She’s given me lots of handy tips of how to manage the pain and massage it out in ways that I can do when I’m sat at my desk at work, along with extensively stretching my calves when I’m not. So for the next few weeks my life will revolve around my calves. I’ve been ordered to lay off running for the next 3/4 days and then I must only do a gentle 3 mile run to see how the stretching has affected my foot before deciding the next course of action.

On the bright side she did give me the green light to go shopping for some new sandals that will better support my feet so, every cloud!


If in doubt, join a running club

One of the main things that has kept me a runner over the past few years is being a member of my local running club. I heard about the Striders when I was going along to a gym-lead running group in Rochford, the gym stopped running it but one of the runners recommended I try out one that meets twice a week along the seafront.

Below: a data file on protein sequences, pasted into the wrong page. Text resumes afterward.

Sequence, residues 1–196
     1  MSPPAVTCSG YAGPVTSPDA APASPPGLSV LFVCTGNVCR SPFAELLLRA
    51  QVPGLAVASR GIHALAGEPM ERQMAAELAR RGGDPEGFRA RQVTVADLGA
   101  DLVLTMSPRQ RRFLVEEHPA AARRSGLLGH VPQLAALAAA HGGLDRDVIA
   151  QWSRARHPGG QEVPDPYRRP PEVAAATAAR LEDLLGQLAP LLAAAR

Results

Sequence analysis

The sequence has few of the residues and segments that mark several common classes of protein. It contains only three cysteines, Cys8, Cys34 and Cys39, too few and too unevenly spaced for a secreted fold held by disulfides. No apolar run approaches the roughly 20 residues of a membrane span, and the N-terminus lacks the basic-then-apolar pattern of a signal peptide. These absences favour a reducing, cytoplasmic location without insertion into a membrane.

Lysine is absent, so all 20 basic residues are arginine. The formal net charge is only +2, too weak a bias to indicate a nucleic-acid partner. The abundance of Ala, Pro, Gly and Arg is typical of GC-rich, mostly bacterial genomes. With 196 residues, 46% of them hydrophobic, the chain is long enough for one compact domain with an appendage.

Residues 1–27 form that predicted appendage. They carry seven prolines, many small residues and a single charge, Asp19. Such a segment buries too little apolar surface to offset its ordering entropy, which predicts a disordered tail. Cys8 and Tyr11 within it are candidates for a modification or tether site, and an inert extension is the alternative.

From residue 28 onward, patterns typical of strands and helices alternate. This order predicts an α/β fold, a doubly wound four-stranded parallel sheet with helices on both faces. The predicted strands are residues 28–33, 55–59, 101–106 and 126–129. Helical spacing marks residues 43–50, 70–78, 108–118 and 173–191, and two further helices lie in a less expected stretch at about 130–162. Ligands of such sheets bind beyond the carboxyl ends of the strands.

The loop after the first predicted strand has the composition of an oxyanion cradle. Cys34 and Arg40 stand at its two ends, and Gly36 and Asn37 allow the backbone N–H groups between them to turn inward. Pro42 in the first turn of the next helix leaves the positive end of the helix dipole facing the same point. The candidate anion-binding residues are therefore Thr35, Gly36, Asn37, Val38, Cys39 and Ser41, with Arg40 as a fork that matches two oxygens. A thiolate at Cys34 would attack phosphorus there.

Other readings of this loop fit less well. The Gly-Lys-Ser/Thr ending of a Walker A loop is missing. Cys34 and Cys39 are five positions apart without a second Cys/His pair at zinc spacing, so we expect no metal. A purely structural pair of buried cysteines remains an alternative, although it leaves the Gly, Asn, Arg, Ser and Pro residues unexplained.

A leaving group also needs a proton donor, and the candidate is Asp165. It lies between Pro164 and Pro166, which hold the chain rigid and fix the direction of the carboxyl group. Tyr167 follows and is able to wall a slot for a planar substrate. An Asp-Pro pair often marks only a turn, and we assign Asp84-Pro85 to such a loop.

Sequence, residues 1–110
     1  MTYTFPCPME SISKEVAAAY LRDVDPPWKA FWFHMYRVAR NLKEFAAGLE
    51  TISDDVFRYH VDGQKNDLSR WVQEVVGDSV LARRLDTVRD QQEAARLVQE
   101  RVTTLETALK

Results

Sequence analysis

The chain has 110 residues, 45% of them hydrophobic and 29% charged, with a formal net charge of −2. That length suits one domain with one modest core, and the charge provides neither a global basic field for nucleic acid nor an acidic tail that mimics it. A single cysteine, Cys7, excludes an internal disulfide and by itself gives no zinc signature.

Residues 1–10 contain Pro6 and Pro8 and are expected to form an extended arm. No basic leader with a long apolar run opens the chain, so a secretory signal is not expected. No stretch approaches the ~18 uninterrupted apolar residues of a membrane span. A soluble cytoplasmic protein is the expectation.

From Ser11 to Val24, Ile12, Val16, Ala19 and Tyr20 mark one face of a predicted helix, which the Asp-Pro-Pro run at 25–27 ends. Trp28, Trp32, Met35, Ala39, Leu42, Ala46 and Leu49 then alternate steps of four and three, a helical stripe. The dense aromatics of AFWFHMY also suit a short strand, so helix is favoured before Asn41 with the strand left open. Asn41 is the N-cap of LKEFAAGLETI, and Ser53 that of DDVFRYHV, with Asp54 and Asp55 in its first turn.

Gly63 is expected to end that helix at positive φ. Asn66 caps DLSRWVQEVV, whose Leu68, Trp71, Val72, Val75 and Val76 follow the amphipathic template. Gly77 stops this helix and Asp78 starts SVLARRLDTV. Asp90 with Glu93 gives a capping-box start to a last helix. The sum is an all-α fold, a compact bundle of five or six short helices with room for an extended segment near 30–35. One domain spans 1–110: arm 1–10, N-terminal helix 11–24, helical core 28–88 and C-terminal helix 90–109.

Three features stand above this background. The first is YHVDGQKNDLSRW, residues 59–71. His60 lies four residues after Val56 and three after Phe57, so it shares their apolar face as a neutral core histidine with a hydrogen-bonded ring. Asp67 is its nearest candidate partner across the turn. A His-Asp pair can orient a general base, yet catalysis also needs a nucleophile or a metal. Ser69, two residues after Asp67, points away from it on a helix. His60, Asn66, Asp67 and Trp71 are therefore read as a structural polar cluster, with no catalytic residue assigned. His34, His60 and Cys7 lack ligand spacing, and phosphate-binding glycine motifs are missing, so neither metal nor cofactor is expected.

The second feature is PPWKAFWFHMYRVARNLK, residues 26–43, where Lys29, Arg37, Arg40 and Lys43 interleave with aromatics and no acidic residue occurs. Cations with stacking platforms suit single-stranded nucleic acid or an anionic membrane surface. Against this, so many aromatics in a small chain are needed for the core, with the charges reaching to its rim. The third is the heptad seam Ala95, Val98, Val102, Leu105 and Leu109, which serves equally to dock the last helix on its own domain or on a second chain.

For a small annual fee to secure your membership and benefit from discounted entry into races, I joined the Leigh-on-Sea Striders club. What struck me about this club was the community spirit that I hadn’t really experienced in running by myself, other than at a 5km race for life I ran back at uni. As much as I enjoy my solo runs, there’s a lot to be said for running with a group.


In the dark winter months particularly, after a long commute back from London I feel much safer being part of a group of 50 or so other runners running the same route, with leaders to make sure everyone is accounted for.

Moral support